And we have a great start on building that stable of writers! Here are the bloggers we already have:
Rick Moran
Pam Oshry
Jim Lynch
David Odeen
Kit Jarrell
Mike Ryan
Douglas Gibbs
Jaco Pastorius
With a line-up like this — and the writers we will be adding — the conversation will get heated in no time! Be sure to keep up with the latest from your favorite BTR hosts at Heading Right. You can add the RSS feed to your reader to watch the conversation unfold as it happens.

CQ Radio Transcript: Duncan Hunter, Part II

Here is the second half of my conversation with Duncan Hunter on the inaugural installment of the daily CQ Radio show. Part 1 can be found here.
EM: Let’s move on to the borders. Now, you live nearby the border in southern California, and obviously this is an issue politically. How susceptible are we on the southern border to terrorist infiltration because of our border situation?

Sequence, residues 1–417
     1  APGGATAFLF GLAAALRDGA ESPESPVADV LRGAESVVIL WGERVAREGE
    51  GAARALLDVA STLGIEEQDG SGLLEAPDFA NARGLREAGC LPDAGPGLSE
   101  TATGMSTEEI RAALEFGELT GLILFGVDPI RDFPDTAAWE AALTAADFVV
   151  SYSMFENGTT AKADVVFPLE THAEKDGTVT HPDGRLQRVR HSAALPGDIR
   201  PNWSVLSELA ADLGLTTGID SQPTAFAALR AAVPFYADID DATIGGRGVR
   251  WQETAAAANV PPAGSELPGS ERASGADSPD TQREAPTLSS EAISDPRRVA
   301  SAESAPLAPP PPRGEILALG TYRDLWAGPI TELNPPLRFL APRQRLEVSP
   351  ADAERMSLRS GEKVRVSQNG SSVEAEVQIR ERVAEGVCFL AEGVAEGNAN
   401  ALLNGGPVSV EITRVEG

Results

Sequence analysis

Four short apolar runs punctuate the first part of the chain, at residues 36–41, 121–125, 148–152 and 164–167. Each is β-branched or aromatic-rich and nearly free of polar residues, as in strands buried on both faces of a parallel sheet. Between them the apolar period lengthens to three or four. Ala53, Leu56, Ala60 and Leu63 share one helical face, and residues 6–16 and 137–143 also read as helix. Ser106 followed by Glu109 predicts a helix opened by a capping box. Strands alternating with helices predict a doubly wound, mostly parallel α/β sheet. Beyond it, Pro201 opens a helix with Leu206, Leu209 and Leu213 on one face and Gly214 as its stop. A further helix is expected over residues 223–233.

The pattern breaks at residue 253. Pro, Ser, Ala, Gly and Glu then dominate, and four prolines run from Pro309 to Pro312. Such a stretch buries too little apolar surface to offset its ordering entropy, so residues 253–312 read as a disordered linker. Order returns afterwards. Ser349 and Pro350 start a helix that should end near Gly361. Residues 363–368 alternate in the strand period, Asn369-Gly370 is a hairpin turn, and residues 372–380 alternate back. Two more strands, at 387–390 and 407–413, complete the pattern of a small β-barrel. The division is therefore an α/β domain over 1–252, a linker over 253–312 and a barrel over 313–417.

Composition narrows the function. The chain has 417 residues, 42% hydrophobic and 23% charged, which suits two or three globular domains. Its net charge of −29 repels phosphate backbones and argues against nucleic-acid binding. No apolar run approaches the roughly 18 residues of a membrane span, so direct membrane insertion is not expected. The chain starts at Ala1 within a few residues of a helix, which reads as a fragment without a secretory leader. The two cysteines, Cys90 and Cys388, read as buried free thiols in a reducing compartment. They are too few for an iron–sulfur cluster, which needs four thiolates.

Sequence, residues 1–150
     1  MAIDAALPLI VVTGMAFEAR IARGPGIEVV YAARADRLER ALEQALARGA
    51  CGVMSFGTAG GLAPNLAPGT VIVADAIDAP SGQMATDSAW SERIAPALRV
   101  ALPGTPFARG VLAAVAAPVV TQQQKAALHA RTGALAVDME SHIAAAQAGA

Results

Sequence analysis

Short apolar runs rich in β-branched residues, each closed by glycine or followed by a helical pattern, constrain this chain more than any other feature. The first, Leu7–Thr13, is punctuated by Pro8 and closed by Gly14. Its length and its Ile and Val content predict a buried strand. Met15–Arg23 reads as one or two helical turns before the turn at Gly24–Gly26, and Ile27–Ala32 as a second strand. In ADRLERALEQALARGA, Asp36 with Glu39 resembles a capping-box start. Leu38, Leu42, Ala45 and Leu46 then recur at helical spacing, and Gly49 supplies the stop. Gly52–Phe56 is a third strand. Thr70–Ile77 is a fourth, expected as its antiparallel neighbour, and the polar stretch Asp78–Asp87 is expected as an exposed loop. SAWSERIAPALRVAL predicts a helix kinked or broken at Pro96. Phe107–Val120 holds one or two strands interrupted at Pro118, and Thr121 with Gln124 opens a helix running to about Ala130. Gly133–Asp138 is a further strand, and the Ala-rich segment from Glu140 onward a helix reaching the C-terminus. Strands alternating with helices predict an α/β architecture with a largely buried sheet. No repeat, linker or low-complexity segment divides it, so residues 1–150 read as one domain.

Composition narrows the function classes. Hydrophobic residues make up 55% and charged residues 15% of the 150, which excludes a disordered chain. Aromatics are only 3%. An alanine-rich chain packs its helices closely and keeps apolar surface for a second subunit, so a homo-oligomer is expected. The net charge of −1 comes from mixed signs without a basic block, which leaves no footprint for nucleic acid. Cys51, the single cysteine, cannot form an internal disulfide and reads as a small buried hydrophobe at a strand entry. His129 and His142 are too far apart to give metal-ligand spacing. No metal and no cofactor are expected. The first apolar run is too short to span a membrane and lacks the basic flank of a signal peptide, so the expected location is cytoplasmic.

DH: Well, we’re very susceptible to infiltration of anything because we have essentially open borders, except for the small area in California where I built the double border fence. Let me tell you, as a congressman who represented that area, what we had in the mid-1980s was basically a no-man’s-land between San Diego, California and Tijuana, Mexico. In that area, what I call Smuggler’s Corridor #1, was the area through which most of the people and most of the narcotics that came into the entire United States were smuggled. They came through that narrow gap. So we built the double border fence, and at the time that we built it, we had armed gangs that roamed that no-man’s land. They often robbed the illegal aliens; many of them carried automatic weapons. They would abuse the women, and it was so terrible that we had a plainclothes police force that dressed like illegal aliens, headed by a Sergeant Lopez, who came from the San Diego Police Department. They would hang around by the border, wait for the border gangs to attack them, then they would pull their weapons and they’d have either a shootout or a series of arrests. It was that bad.